A thing happened in the comment section on a previous post to which I’d like to call a bit more attention, for two reasons: One, because I may be guilty of being a needless alarmist, and Two, because I think there are still some valid questions pending.
Earlier this month I posted an entry in which I speculated about the impact of industrial water bottling on California’s dire water shortage. I raised alarm at the fact that California does not disclose the amount of groundwater going into bottles to the public or to its legislators, and wondered what impact that might have.
Two weeks later, I received a comment from Chris Hogan at the International Bottled Water Association (IBWA), which I unfortunately did not notice for almost a week. Sorry, Chris. I present that comment here, unedited in its entirety:
Hi Chris, I just happened across your blog and wanted to add a comment regarding your claim that bottled water has somehow impacted the ongoing drought facing Southern California.
You might want to know that bottled water production from groundwater sources accounts for less than 0.02 percent of the total groundwater withdrawn in the United States each year. And, despite the bottled water industry’s size, the amount of water actually sold is relatively tiny, compared to tap water volumes. To put it in context, the entire U.S. bottled water market is currently about 10 billion gallons; New York City goes through that amount of tap water in one week.
The International Bottled Water Association (IBWA) and its members are committed to the responsible and efficient use of all natural resources related to bottled water production. Our industry is proud to continuously be on the forefront of important issues such as water conservation and management, the efficient use of water, and responsibly managing groundwater and spring water resources.
The IBWA is a trade association for the bottled water industry. Among other activities, they lobby against taxation and restriction on sale of bottled water, as they are presently doing in San Francisco. In 2012, according to their 990, they spent $434,000 on “government relations,” which is not quite 20% of their total non-wage expenses.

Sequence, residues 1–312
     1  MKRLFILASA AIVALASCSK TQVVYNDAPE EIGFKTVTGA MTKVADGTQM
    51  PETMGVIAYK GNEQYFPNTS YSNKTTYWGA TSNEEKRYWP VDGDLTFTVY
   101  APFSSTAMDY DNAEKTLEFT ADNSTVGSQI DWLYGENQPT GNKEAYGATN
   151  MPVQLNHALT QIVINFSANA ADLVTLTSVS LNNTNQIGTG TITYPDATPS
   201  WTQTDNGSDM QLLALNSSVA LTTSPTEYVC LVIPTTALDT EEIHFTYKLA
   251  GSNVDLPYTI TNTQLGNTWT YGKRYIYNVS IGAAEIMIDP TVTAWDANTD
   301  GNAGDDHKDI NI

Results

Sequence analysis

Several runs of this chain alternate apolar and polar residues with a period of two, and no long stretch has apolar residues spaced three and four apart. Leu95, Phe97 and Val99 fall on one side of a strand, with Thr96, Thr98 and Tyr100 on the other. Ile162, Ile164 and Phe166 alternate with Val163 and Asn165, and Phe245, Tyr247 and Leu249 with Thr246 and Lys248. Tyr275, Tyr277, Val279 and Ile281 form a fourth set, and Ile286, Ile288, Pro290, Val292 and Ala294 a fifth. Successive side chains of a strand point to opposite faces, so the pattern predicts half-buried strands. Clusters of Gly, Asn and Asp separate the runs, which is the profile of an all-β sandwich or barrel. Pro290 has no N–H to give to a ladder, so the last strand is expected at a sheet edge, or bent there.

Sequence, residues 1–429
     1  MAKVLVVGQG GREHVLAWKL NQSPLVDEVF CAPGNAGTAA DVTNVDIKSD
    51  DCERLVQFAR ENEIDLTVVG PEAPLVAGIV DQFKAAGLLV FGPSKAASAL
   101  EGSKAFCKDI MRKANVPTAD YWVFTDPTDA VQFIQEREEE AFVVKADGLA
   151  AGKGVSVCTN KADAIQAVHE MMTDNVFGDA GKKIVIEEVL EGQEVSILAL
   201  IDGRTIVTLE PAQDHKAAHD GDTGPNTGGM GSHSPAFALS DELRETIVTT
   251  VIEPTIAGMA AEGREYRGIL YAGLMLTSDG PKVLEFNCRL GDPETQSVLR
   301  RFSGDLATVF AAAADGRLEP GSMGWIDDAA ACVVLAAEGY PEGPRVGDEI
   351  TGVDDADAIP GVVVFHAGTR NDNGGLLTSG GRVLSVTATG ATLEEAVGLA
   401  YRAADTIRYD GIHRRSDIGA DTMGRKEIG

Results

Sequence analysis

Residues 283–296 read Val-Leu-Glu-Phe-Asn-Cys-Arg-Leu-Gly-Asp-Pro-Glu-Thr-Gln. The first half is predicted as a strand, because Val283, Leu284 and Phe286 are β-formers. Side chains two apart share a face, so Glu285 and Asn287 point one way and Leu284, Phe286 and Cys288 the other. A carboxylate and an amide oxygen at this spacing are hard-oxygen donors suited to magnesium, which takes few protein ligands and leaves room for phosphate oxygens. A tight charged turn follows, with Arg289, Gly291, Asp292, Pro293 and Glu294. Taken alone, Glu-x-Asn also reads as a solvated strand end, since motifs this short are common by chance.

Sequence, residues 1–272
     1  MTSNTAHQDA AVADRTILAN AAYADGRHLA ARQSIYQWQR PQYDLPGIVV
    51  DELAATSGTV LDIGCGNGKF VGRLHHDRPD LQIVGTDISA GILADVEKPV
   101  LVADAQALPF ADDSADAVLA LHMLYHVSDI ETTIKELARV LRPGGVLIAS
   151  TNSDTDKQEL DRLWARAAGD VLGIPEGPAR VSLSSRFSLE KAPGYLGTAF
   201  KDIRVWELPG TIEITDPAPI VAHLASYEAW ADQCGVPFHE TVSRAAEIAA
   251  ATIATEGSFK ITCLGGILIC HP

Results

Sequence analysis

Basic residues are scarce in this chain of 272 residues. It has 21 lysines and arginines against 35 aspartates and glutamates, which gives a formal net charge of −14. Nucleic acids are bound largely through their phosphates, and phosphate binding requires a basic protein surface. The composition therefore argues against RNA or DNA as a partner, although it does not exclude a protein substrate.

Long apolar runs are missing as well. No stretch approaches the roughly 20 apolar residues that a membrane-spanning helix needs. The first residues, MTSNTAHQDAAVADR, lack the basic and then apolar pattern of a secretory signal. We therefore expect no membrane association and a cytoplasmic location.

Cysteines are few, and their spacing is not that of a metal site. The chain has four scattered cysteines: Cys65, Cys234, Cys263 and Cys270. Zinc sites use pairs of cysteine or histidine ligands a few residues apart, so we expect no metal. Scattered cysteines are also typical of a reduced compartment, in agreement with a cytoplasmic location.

I was able to corroborate IBWA’s factual assertions point for point through independent sources, and to their credit, IBWA is up-front about the source of many of their statistics. Their 0.02 percent figure is slightly dubious, because it stems from 2001 when bottled water was only 60% of what it is today, but even if the number has doubled that’s still a minuscule amount of groundwater use. New York City does in fact use nearly 10 billion gallons of water a week, and New Yorkers are conservative in their water use. Per capita use in many California cities is double NYC numbers, or higher. In my original post, I pointed out that American bottled water consumption has soared to 30 gallons per person per year. According to the US Geological Survey, however, the average person uses that much water in a single bath, or a single 15-minute shower.
So the likelihood that bottled water is having a significant impact on California’s drought? Slim to none. That answers my original question, which in hindsight seems overly dire in its presentation.
That said, I remain alarmed that in a state with as serious a water issue as California, neither legislators nor citizens are privy to details about how much of their groundwater is going into bottles.
I also put several follow-up questions into the comment thread. I don’t anticipate they’ll be answered (this blog isn’t exactly HuffPo, and I wouldn’t take it personally if Chris Hogan at IBWA had better things to do) but I think they merit asking:
- Does that 0.02 percent figure, whether outdated or not, omit or include bottling of water in states like California that don’t mandate disclosure of amounts, or is it only counting data around groundwater bottling that is publicly available? (Notably, the USGS says California accounts for 13% of the nation’s total groundwater withdrawal, so if water bottling in California is not reported, that 0.02 percent figure may be off by quite a margin.)
- Based on USGS figures, nearly all other groundwater withdrawal is for use that sends water back into the local water table. Irrigation, the watering of livestock, and domestic use all put water right back where it came from, into the local watershed. I wonder how much water that is bottled leaves its home watershed (so, say, water bottled in California is consumed in Seattle or Montana, where it will not re-enter California watersheds). I also wonder how long water, once bottled, remains in its bottle until consumed.
- Lastly, I have to wonder how much of the world’s fresh water is presently locked up in bottles or other storage intended for consumer sale, on warehouse or supermarket shelves. We know that about 70% of the world’s fresh water is tied up in ice caps and glaciers. One has to wonder how much of what remains is contained in bottles for sale at a profit.
Image credit: Streetwise Cycle, via Wikimedia commons